The dancer stands quietly on the small stage, waiting for the music to start. On his head is a pair of seasonal antlers, hand-crafted for this very occasion, with a vest to complete the ensemble. Then, the dulcet tones of the theme from Popeye reach his ears, and Tootles, the world's only dancing guinea pig, launches into a spirited jig.
Like Lassie and Morris the Cat and other animal stars that have come before him, Tootles seems destined for greatness. And while he may never pull poor Timmy out of a well or wax poetic over a dish of tuna-flavored niblets, Tootles seems to have cornered the dance market.
For more than six months, Tootles has been working with his owner and performing partner, Rusty Lindberg, to perfect his steps. Now, he's ready to take his show on the road. Mr. Lindberg, who serves as the act's manager, said he is seeking audiences for Tootles to perform in front of.
"Teaching the guinea pig and making the antlers, well, this stuff doesn't come out of the sky you know," Mr. Lindberg said. "Now I'm to the stage where I'm trying to get the message out to people who will enjoy this, get a laugh out of it."
Mr. Lindberg said that training was mostly a matter of combating Tootles' natural fears and giving him a sense of security.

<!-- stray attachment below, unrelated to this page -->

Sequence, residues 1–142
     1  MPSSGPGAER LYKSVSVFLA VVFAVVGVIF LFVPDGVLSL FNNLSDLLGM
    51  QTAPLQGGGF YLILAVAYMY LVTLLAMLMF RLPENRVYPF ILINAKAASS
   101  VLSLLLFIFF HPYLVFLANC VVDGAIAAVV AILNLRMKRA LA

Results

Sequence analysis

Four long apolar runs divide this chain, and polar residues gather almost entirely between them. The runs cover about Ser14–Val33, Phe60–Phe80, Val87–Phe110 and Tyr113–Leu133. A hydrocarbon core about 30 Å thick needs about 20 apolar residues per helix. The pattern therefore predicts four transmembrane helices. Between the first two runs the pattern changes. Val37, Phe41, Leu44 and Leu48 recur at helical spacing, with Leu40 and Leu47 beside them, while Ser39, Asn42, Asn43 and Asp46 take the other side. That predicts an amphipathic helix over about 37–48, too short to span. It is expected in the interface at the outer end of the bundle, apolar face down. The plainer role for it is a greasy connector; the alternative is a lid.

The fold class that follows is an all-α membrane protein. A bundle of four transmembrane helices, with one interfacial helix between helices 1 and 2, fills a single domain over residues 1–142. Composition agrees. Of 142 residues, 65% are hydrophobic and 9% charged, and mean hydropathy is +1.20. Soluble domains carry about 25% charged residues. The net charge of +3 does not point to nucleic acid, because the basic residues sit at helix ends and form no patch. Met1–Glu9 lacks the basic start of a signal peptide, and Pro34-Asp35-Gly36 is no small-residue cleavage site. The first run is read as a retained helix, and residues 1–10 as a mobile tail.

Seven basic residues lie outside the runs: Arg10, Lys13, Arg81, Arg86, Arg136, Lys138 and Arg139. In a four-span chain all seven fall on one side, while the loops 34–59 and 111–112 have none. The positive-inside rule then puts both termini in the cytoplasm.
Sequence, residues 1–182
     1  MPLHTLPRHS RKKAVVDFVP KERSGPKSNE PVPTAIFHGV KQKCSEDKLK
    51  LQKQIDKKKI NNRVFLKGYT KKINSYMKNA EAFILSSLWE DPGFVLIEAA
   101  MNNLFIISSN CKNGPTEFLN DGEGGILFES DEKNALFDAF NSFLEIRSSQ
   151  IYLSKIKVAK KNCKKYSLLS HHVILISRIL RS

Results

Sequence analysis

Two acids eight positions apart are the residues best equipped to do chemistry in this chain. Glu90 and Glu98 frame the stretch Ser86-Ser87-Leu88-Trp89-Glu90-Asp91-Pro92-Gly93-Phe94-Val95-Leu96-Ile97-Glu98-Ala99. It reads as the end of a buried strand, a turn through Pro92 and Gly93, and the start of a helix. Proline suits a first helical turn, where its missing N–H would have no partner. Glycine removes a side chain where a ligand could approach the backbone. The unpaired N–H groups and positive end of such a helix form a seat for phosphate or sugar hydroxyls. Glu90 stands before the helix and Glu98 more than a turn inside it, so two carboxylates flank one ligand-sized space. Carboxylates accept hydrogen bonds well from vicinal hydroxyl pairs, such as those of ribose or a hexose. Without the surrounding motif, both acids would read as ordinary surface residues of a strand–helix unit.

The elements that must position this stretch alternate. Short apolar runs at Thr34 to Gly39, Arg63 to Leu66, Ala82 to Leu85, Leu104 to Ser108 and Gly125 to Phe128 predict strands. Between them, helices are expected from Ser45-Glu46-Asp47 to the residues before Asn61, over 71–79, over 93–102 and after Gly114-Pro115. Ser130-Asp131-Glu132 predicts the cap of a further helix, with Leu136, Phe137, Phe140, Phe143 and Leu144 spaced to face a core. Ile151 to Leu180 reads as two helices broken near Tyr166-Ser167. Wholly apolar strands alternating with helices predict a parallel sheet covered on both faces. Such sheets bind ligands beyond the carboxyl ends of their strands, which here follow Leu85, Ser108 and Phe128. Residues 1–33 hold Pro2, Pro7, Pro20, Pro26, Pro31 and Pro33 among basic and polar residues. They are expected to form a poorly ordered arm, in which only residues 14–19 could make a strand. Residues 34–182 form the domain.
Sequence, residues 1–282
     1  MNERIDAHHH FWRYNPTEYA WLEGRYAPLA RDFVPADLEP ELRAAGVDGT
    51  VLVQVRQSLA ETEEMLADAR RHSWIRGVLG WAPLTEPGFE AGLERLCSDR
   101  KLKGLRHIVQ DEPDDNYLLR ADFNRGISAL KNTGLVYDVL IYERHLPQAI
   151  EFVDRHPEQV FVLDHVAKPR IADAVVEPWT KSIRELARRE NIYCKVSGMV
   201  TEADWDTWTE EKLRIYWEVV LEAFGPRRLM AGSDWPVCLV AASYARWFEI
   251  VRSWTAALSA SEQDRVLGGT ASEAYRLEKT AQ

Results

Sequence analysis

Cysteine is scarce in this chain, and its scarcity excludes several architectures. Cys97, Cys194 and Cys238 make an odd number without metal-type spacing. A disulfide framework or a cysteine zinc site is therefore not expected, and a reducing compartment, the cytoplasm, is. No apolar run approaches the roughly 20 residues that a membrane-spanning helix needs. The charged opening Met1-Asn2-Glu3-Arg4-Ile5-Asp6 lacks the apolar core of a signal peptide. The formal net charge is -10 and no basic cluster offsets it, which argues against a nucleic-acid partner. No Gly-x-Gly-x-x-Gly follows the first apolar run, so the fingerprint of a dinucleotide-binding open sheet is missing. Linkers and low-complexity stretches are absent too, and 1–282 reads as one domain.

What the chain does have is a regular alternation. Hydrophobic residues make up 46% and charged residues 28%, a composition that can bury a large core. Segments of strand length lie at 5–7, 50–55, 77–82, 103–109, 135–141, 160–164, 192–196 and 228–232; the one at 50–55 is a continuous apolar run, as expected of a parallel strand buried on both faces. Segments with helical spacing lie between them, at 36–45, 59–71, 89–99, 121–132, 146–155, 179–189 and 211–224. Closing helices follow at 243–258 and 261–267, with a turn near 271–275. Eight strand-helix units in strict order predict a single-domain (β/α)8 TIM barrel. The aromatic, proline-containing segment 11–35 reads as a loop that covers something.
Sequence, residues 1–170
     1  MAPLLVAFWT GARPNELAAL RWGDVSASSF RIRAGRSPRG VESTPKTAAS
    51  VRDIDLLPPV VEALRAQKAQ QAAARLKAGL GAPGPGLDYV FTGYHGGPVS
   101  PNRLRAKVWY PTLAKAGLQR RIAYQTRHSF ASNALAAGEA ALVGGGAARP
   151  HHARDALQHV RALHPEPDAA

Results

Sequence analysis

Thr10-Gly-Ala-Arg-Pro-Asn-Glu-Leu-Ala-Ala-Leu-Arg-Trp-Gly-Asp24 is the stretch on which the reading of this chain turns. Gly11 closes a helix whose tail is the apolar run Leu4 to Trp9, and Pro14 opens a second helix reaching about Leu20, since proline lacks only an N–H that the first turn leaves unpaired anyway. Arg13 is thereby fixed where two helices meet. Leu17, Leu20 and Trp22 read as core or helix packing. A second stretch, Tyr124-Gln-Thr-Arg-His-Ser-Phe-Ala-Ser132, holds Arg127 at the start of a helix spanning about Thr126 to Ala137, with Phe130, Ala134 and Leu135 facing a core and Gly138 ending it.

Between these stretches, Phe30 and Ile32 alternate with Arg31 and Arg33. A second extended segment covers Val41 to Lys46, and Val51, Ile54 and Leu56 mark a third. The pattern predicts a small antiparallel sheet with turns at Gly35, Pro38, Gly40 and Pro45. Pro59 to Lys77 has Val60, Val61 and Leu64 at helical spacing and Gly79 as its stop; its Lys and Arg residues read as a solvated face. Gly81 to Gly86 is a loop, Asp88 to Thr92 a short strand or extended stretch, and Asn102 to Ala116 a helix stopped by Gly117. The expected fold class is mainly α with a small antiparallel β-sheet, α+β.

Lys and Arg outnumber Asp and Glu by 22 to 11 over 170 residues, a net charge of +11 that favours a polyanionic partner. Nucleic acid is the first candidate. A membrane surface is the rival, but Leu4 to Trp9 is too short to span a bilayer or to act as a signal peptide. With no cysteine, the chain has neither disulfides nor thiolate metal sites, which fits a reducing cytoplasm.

"Guinea pigs have a real set of aversions," he explained. "They are the bottom of the food chain, after all. That meant I had to get him past his fears and establish performing as his normal (routine).
"For him, working means getting to exercise and getting fresh grass, which he loves. He dances not because he feels the need to dance, but because he knows if he does he will feel good. He is responding to cause and effect."
So far, Tootles is booked for a parade in McCormick, S.C., and some free performances before Christmas for local children. Mr. Lindberg said that he hopes to use the performances to get people to contribute to his charity of choice, the Medical College of Georgia's Children's Christmas Fund.
"I initially decided I would just do this for free," he said. "Then I decided I could use this to solicit donations for the hospital fund. So far I have Augusta Dodge behind me, so I'm happy knowing that there will be sick kids that have Christmas presents this year."
Although Mr. Lindberg initially believed Tootle's soft-shoe routine would appeal mainly to a younger audience, he said that adults have also responded well to his small, furry friend.
"Inside, I think we all remember the basic core person that we were as a child," he said. "I think Tootles taps into that, the desire to reconnect with that person. I think that's a great thing because the closest thing to God you'll ever see is in the smile of a child."
For now, Tootles remains a pure dancer. Mr. Lindberg said, however, that he wasn't ready to limit his friend creatively.
"I can't tell you what he'll become," he said. "I can only tell you what he can do now. I'm not ready to close the door on what he might be able to do. Who knows, he might be a singer."
Reach Steven Uhles at (706) 823-3626 or firstname.lastname@example.org.